If older people currently find themselves shielding, it might make the reality of getting through winter alone even more upsetting. The change in the season means a lot more time in isolation for people who have already had to endure a lot of it. And although winter can be a time of home comforts for some, it tends to be difficult for many people of all ages.
Many studies have shown a correlation between the colder months and mental health difficulties, including research conducted by the University of Glasgow. This study also revealed that the winter's depressive pattern appears to affect females more heavily than men.
It’s during this time that most people have to stay indoors, which often leads to dropping fun, productive activities. As such, they find themselves socialising a lot less and with more time on their hands. Additionally, the winter gives us shorter days and a marked decrease in sunlight, reducing serotonin levels in the body. Because serotonin' is connected with happiness levels, this decrease can cause low mood as a result.
People in their older years are particularly vulnerable to the effects of winter - both mentally and physically. If an older person's body temperature falls beneath 35C because of wintry weather, this creates an increased risk to their health.
For instance, they may experience an elevated heart rate and higher blood pressure, and also be at risk of suffering from a heart attack or liver damage.
Hypothermia is another serious condition that poses a significant threat if left untreated. It's the leading cause of death during the winter and can lead to the heart and respiratory systems shutting down. It's essential to notice the signs of illness as early as possible and getting it treated swiftly.
It also reflects the significance of the role you can play in your community - offering support could create a genuinely meaningful impact. Your care and participation can help older adults manage the hardships of winter.
If you are looking for ways to help, there are plenty of ways to get involved.
Think about volunteering for an organisation that provides support services to older people. It’s a wonderful place to start, and many run befriending schemes where volunteers can become telephone buddies. These buddies offer up their time to chat on the phone with someone who could use a friendly voice. It's a lovely way to engage with older people who are grateful for receiving that call. Yours could be the first call they've received that day.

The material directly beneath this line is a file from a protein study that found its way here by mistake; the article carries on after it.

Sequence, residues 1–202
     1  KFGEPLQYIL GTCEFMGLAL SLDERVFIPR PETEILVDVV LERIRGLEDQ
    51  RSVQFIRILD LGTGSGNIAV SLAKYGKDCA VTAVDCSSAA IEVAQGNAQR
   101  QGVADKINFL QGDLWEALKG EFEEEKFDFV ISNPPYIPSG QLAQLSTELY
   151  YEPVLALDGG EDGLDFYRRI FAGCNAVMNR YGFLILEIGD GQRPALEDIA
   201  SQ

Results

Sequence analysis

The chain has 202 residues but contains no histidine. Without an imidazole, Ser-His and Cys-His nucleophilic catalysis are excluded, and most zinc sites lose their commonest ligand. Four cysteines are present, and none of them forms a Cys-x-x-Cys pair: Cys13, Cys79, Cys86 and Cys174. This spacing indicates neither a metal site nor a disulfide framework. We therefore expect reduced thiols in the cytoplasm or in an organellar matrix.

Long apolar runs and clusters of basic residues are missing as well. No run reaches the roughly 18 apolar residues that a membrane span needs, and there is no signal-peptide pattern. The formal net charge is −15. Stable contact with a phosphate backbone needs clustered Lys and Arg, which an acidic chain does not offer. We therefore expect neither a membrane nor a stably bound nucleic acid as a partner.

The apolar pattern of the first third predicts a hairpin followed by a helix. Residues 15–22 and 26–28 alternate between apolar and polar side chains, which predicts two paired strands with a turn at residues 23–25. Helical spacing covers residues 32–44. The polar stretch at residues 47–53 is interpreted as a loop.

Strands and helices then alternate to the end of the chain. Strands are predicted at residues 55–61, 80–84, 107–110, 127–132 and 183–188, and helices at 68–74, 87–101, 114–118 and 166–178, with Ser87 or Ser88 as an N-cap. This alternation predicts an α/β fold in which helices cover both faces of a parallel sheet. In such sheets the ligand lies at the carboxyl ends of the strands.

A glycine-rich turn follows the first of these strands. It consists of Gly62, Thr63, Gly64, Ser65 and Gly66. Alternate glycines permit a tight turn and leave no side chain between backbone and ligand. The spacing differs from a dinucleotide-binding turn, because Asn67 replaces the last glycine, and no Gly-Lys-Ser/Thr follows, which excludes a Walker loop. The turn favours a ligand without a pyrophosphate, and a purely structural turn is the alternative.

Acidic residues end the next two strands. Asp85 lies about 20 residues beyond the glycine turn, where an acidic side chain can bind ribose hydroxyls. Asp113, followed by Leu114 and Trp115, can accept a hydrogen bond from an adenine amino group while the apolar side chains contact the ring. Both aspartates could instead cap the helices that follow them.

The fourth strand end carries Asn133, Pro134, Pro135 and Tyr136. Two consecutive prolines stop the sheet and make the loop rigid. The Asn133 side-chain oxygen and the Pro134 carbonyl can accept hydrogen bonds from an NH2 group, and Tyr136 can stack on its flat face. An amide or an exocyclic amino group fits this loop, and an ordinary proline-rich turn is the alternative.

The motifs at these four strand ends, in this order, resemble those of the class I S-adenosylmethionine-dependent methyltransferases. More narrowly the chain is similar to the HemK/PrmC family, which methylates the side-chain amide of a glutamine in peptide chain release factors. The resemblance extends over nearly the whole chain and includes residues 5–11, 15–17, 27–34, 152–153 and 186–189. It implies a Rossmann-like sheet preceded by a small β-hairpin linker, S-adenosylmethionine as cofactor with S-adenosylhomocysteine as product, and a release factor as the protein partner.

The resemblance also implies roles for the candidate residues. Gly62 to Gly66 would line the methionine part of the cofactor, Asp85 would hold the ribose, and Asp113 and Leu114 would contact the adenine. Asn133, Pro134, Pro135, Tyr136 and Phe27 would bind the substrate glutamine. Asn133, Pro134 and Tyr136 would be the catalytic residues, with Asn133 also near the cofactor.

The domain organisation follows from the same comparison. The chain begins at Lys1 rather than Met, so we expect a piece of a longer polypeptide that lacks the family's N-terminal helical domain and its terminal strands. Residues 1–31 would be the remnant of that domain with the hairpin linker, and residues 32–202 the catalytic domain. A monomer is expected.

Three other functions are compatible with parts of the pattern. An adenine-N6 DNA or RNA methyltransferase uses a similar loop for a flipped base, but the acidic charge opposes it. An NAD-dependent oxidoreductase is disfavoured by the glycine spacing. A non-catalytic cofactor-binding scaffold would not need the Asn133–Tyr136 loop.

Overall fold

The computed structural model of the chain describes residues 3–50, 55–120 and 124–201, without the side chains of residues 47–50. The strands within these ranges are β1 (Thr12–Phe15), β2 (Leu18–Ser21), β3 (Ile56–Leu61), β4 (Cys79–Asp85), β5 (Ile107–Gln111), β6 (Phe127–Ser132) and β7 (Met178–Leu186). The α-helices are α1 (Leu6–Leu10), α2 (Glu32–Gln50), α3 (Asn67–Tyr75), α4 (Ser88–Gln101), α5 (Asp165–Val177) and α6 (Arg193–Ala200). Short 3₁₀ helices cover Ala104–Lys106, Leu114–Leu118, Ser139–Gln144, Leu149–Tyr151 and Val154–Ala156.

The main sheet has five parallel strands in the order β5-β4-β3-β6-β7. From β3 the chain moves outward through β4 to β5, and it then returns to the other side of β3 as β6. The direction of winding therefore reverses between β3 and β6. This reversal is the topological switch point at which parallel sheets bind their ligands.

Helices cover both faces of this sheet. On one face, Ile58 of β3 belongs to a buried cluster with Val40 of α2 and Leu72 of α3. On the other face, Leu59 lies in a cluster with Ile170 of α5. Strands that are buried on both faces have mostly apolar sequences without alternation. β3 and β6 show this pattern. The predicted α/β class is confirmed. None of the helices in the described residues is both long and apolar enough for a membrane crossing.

Other volunteer roles may be visiting people in-person (COVID rules permitting) or driving them around, such as to the shops or medical appointments. You could even become a host for social groups in your area.
Here are a few organisations that offer befriending services you could volunteer for:
Stop And Chat
The only way to find out how someone’s doing is to ask them. When you see an older neighbour on the street, a smile and a wave are always a nice gesture. But, how about just stopping to have a chat with them? Doing this could make all the difference to their day. It’s bound to open up a lot more meaningful conversation as opposed to a brief wave from across the road.
Be mindful of whether the person you’re talking to has hearing issues or memory problems. If they do, try to make an extra effort to speak up for them so they can hear you. Being considerate enough to slow your speech down will be well appreciated.
Take your time when speaking to them, so they don’t feel hurried. Pausing in between sentences and questions will give them time to absorb the information and respond to it.
Lend A Hand
If you know anyone in your community who struggles with one or more of these issues, they could probably do with some help from a caring neighbour.
- Lives by themselves.
- Rarely ventures out of the house.
- Has recently lost a loved one.
- Has sight and/or hearing loss.
- Seems to be in generally poor health.
Stepping in and helping with simple tasks could go a long way - especially if they don’t have family nearby. You could do things such as:
- Picking up their prescriptions
- Driving them to their doctors’ appointments.
- Doing their grocery shopping.
- Taking them to one of their social activities.
- Simply taking their dog out for a walk.
Chip In With Household Chores
There are many things you could do to help older people that may seem small to you but makes all the difference to them. This is because as people get older, it can become harder to do various tasks around the house. A few chores you can do to make life that much more comfortable are:
- Taking the rubbish out.
- Replacing old light bulbs.
- When it snows heavily, clearing the path of snow and ice.
- Fastening sash windows.
- Sprucing up their place with a clean.
Stay Alert And Prepared
Older people are especially susceptible to illness during colder weather. So, it’s essential to keep an eye out for any signs of sickness. It’s also handy to help get them prepared for the season.
Have a check-in with them before the cold season hits and see whether their heating is ready for the winter. You could also help them stock up on food supplies and try to make sure they have the amenities they need at home. That way, they’re not forced to go out for them.
Also, check that they’ve received their free flu jab. If they haven’t received it, you can help them book in a GP appointment.
When winter does set in, keep an eye out for any signs of serious illness. These could be the following:
- Slurred speech.
- Complaints of feeling cold.
- Trouble with breathing.
If at any point you do feel worried about someone’s health, find out whether they have a relative or friend you could get in touch with. Otherwise, call their doctor or contact NHS 111.
There are many ways you could be of great service to your community this winter. Simply sharing your time might be a lifeline to someone who needs just that little bit of attention and community spirit.